STARRED REVIEW
March 2021

Memoir March

Six memoirists share their experiences of transforming memory and truth, joy and pain, into captivating stories.
STARRED REVIEW

Memoir March

March 2021
Six memoirists share their experiences of transforming memory and truth, joy and pain, into captivating stories.
STARRED REVIEW
March 2021

Memoir March

March 2021
Six memoirists share their experiences of transforming memory and truth, joy and pain, into captivating stories.
STARRED REVIEW
March 2021

Memoir March

Six memoirists share their experiences of transforming memory and truth, joy and pain, into captivating stories.
STARRED REVIEW
March 2021

Memoir March

Six memoirists share their experiences of transforming memory and truth, joy and pain, into captivating stories.
March 2021

Memoir March

Six memoirists share their experiences of transforming memory and truth, joy and pain, into captivating stories.
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Six memoirists share their experiences of transforming memory and truth, joy and pain, into captivating stories. Read our reviews of all six memoirs, as well as Q&As with their authors, and discover your next favorite first-person narrative.

Blindfold: A Memoir of Capture, Torture, and Enlightenment by Theo Padnos

Read the review:
Theo Padnos recounts being kidnapped and imprisoned by operatives of al-Qaida.

Read our Q&A with Theo Padnos:
"Some people will have difficulty believing I wasn’t killed."

 

Floating in a Most Peculiar Way: A Memoir by Louis Chude-Sokei

Read the review:
Louis Chude-Sokei captures the prejudices and tensions, pain and promise of being African in Jamaica and the United States.

Read our Q&A with Louis Chude-Sokei:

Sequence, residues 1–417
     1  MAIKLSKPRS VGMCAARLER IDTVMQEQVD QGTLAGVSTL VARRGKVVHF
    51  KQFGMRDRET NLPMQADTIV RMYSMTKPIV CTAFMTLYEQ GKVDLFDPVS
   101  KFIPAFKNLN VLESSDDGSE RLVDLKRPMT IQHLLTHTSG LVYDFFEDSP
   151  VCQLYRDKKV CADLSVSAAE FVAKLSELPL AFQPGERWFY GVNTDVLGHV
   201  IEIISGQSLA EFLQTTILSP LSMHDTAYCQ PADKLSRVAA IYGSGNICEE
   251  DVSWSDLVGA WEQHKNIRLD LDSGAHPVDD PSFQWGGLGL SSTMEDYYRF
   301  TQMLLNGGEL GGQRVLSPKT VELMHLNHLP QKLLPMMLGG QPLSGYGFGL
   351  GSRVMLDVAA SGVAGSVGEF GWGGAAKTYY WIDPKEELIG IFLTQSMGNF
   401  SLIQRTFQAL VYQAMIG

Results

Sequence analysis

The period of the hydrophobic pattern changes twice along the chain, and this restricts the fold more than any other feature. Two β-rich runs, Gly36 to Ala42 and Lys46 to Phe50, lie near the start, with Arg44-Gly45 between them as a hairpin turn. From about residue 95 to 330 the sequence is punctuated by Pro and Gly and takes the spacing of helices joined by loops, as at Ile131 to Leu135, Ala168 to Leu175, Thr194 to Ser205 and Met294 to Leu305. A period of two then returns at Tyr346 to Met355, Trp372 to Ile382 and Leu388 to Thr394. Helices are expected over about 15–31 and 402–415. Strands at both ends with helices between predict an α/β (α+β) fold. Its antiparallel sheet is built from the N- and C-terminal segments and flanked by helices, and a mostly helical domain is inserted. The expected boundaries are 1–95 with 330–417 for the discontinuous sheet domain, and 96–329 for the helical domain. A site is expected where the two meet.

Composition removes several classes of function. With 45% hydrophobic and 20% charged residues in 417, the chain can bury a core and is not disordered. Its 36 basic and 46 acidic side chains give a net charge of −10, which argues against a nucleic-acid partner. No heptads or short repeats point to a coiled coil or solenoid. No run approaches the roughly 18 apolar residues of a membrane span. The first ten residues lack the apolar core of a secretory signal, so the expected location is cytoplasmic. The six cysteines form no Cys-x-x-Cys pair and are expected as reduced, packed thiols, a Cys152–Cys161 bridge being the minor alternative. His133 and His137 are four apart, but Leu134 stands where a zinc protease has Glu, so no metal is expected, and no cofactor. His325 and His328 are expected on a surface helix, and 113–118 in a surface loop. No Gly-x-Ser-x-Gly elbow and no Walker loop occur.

"There is often great hostility toward those who refuse conventional racial expectations."

 

Raceless: In Search of Family, Identity, and the Truth About Where I Belong by Georgina Lawton

Read the review:
Georgina Lawton was born to a white mother and father. And yet, as we learn in the first pages of her eloquent memoir, Lawton is not white.

Read our Q&A with Georgina Lawton:
"No one prepares you for the emotional time travel that a memoir necessitates."

 

Speak, Okinawa: A Memoir by Elizabeth Miki Brina

Read the review:
Elizabeth Miki Brina searches for whether love can heal a family traumatized by racism and colonization.

Read our Q&A with Elizabeth Miki Brina:
"I grew up trying to believe that race, family history and cultural history were inconsequential. I’m glad I don’t believe that anymore."

 

Plunder: A Memoir of Family Property and Nazi Treasure by Menachem Kaiser

Read the review:
As Menachem Kaiser searches for the story of his Polish Holocaust survivor relatives, he wanders deep into the shadowy realm of Nazi treasure hunters.

Read our Q&A with Menachem Kaiser:
"It is so hugely rewarding to investigate your story. It is so much stranger, more complicated, more beautiful, more tragic than you thought."

 

Spilt Milk: Memoirs by Courtney Zoffness

Read the review:
Courtney Zoffness uses layered storytelling to plait her life experiences with larger observations about society.

Read our Q&A with Courtney Zoffness:
"When I revisited these experiences years later, I saw them all through the lens of motherhood. It’s a thread that binds Spilt Milk."

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